Teragram Ballroom / Playhouse Theatre

1234 W. 7th St.    | map |

Los Angeles, CA 90017

Website: www.teragramballroom.com

The News: The Playhouse Theatre came back to life in 2015 as the Teragram Ballroom, a venture of the team behind New York's Bowery Ballroom. It's both a music venue and a restaurant. 

See the June 1, 2015  LA Downtown News story "Teragram Ballroom is Another Step in Downtown's Rock Revival." L.A. Weekly had a June 2 story "The Teragram Ballroom Could Be L.A.'s Next Great Rock Club."

Partners in the venture include Bowery founder Michael Sweir, local bar owner Joe Baxley (also from New York) and Michael's brother, architect Brian Sweir. The room's name is "Margaret" spelled backward, a tribute to Michael's late wife Margaret Hannigan, who died of cancer in 2009.

The New York Times ran a December 31, 2014 story by Ben Sisario, "A Bowery Titan Puts Down L.A. Roots," that profiled Michael Swier.  Thanks to Torr Leonard for spotting the story. Curbed L.A.'s Bianca Barragan had a followup story on January 2, 2015: "Westlake's Playhouse Reopens as Teragram Ballroom in March."

A May 2014 Curbed L.A.story  "Mapping the Huge Wave of Gentrification About To Hit Westlake" discussed new housing, transit accessibility and two neighborhood theatres in the news: the Hayworth and the Playhouse.

Adrian Glick Kudler had the story about the Bowery Ballroom team's plans for the space on Curbed L.A. in November 2013.

Original opening:  Possibly the theatre opened as early as 1913. It was advertised in 1914 and featured in Paramount ads in 1923. 

The theatre is 2 blocks west of the 110 freeway and a block east of the Mayfair Hotel. Wilshire is two short blocks north.

It's listed in the 1917 and 1921 directories as The Playhouse at 1234 W. 7th -- not to be confused with The Playhouse at the Friday Morning Club (now called the Variety Arts Theatre).

The address varies a bit. In the 1916 city directory it's listed as Playhouse, 1236 W. 7th. In 1919 and 1922 the address is 1234 1/2 W. 7th. It's listed as McKinney's Play House in the 1929 city directory and used that name at least until 1933.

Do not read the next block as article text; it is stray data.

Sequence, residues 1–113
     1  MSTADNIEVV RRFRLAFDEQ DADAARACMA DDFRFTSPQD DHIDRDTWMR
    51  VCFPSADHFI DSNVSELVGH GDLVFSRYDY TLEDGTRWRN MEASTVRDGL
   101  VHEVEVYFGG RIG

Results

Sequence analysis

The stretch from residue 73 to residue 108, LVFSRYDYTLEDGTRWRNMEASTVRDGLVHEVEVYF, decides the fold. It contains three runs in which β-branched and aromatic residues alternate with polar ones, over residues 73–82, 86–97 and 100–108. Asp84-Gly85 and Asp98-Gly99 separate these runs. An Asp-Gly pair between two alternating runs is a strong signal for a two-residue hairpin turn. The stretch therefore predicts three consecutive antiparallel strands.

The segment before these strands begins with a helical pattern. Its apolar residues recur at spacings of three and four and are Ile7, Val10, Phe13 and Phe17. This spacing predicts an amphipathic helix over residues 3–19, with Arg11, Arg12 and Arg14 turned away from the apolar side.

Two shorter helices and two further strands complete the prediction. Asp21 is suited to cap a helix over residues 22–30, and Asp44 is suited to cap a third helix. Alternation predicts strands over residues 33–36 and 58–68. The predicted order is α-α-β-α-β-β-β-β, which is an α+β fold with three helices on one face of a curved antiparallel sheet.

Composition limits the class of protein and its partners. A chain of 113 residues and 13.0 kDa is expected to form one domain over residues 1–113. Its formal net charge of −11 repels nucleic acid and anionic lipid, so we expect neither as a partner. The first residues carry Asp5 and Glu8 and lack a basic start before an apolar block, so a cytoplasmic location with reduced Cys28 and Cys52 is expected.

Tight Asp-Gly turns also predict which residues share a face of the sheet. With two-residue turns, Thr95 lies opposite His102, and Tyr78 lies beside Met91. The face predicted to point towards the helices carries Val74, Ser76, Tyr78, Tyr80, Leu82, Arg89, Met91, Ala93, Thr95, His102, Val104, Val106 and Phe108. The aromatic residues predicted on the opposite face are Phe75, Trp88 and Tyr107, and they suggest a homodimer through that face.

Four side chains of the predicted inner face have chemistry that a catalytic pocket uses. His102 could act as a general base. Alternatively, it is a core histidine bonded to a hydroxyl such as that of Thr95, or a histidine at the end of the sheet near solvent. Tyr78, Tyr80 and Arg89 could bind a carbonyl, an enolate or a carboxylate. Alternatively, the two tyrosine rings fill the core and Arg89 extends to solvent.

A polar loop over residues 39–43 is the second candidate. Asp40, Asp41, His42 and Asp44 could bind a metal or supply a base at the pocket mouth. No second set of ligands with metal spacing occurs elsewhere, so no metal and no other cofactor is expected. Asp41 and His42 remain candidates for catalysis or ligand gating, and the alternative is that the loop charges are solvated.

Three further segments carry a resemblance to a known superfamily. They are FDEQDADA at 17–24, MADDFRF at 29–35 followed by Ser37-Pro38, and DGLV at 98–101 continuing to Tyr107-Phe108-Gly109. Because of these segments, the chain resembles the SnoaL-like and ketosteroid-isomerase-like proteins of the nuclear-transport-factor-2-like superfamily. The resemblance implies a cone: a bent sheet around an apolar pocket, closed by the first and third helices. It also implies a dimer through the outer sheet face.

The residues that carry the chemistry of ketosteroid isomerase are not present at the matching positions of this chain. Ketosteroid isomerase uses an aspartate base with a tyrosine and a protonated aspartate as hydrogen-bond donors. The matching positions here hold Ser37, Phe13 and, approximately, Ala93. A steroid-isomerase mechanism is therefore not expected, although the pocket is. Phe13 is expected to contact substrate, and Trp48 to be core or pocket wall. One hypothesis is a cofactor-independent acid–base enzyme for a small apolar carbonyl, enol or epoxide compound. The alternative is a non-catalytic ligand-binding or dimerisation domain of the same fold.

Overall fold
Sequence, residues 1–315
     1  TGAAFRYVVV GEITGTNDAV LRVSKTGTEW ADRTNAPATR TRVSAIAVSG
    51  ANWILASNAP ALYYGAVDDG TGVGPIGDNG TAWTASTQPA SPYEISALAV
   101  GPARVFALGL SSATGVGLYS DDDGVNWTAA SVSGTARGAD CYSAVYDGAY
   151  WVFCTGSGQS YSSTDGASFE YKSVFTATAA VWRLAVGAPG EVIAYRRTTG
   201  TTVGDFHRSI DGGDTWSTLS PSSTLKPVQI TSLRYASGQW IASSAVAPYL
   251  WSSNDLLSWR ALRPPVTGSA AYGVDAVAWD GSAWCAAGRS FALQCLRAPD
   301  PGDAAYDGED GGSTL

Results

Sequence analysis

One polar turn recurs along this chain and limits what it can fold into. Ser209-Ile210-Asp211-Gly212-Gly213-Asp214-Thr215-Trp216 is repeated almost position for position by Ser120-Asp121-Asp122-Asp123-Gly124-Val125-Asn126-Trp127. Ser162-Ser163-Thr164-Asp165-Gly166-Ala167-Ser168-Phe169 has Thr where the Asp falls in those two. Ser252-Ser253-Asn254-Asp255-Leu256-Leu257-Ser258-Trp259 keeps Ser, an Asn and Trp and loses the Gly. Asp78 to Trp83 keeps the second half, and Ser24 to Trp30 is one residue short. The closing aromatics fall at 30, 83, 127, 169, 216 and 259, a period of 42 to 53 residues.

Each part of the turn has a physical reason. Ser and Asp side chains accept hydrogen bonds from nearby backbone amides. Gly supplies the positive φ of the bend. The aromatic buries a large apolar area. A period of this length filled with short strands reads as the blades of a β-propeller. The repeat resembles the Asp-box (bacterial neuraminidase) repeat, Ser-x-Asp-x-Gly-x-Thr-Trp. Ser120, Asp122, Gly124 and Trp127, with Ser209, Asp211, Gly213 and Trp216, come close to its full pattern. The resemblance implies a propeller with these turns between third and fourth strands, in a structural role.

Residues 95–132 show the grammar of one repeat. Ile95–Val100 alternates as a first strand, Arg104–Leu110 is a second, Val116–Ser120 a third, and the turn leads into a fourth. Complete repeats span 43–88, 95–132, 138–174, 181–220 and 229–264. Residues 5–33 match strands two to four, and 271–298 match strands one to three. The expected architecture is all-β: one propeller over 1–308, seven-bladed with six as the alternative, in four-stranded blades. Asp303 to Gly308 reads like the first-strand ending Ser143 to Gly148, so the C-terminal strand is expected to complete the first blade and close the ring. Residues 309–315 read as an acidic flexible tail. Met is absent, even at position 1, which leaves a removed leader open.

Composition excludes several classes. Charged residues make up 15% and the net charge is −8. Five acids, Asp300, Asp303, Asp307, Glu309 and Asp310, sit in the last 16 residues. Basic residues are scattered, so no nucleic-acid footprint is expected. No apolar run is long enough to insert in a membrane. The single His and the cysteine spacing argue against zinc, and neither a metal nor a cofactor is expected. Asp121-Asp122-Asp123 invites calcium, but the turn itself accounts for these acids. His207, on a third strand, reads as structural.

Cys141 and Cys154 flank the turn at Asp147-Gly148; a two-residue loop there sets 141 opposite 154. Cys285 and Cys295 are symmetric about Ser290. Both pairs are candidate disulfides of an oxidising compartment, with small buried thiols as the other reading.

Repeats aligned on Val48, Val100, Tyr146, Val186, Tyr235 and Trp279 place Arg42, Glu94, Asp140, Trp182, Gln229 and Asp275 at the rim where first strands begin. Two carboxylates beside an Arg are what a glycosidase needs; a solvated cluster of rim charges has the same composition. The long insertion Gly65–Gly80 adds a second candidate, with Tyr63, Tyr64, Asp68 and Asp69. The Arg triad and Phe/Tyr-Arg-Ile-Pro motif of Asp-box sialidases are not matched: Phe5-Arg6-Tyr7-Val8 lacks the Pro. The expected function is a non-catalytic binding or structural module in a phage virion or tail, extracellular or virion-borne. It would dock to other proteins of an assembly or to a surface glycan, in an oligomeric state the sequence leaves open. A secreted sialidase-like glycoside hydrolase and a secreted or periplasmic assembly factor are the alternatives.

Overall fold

Architect:  The architects of the 9,453 s.f. building were the firm of Mayberry & Parker, architectural engineers, with offices in the Pacific Electric Building. Thanks to Joe Vogel for finding information on the project in the December 14, 1912 issue of Southwest Contractor & Manufacturer.

Seating:  490 at one time. As the Teragram the capacity of the main space will be 600. A balcony was added as part of the renovation.

Status: It came back to life in March 2015 as the Teragram Ballroom.

It was operating as a film house into the mid 1950s. Afterward it became a print shop and for years after that it was a strange combination of violin store and Victory Outreach church.

The adjacent Quality Cafe in the west storefront is part of the project. The cafe had been a popular filming location. Break.com has a nice recap of scenes from some films using the space. Robert Juzefski had a nice interior shot of the cafe on the Facebook page Photos of Los Angeles. His post, as a comment, also included a pre-renovation exterior view

Some of the theatre's lobby area was still intact before the renovation. In the auditorium, the original domed ceiling and the proscenium were still in place. The stage area has been upgraded and three large dressing rooms added.

More Information: Visit the Cinema Treasures page on the Playhouse for additional information.

See the 2013 story about the Bowery Ballroom plans on Land Use L.A.

The Playhouse Theatre building.

photo: Bill Counter - 2010


A view of the rear of the theatre.

photo: Bill Counter - 2010

     New York Times    


The New York Times ran a December 31, 2014 story
by Ben Sisario, "A Bowery Titan Puts Down L.A. Roots,"
that profiled Bowery founder Michael Swier. 

Michael Swier and his brother Brian, left,
 in the unfinished Teragram Ballroom.

photo: Michal Czerwonka /
New York Times -  December 2014

Thanks to Torr Leonard for spotting the story.

A mid 50s view east on 7th toward downtown.
The Playhouse is on the right.

photo: Sean Ault collection 

The Playhouse is running "Aida" (1954) with
Sophia Loren and Renata Tebaldi. Thanks, Sean!

Sean Ault is a noted historian of transit
 in the Los Angeles area. You can see many more items
from his Osiris Press transit archive on YouTube.

[ click any of the photos on the page for a larger view ]



A June 2015 Billboard story by Andy Gensler about the new venue,
"Music Impresario Michael Swier Transforms Former Silent Movie Theater...,"
Michael Swier, Bowery co-founder and the driving force
behind Teragram. He says it was a $3 million investment.

A look at the theatre's renovated entrance.

photo: Noah Webb/Billboard - 2015

The view across the soundboard into the house.

photo: Noah Webb/Billboard - 2015

The photo gallery with the article includes
 5 additional photos by Mr. Webb.

Thanks to Sandi Hemmerlein, of Avoiding Regret
fame, for spotting the Billboard story.

     Curbed L.A.    


 The operators of New York's Bowery Ballroom had filed plans in
2013 to use the building as a live performance space and restaurant. 
Curbed L.A.'s Adrian Glick Kudler had the story in November 2013:
"NYC's Bowery Ballroom Operators Wants To Revive..."

A pre-renovation auditorium view.

photo: Loopnet - 2009

Curbed reported that the intent at that time was for a space with
 440 seats or 708 patrons and featuring live entertainment, "incidental
 patron dancing" and, of course, alcohol.

Curbed L.A.'s Bianca Barragan had a followup story in January 2015:
 "Westlake's Playhouse Reopens as Teragram Ballroom in March."

| Loopnet listing |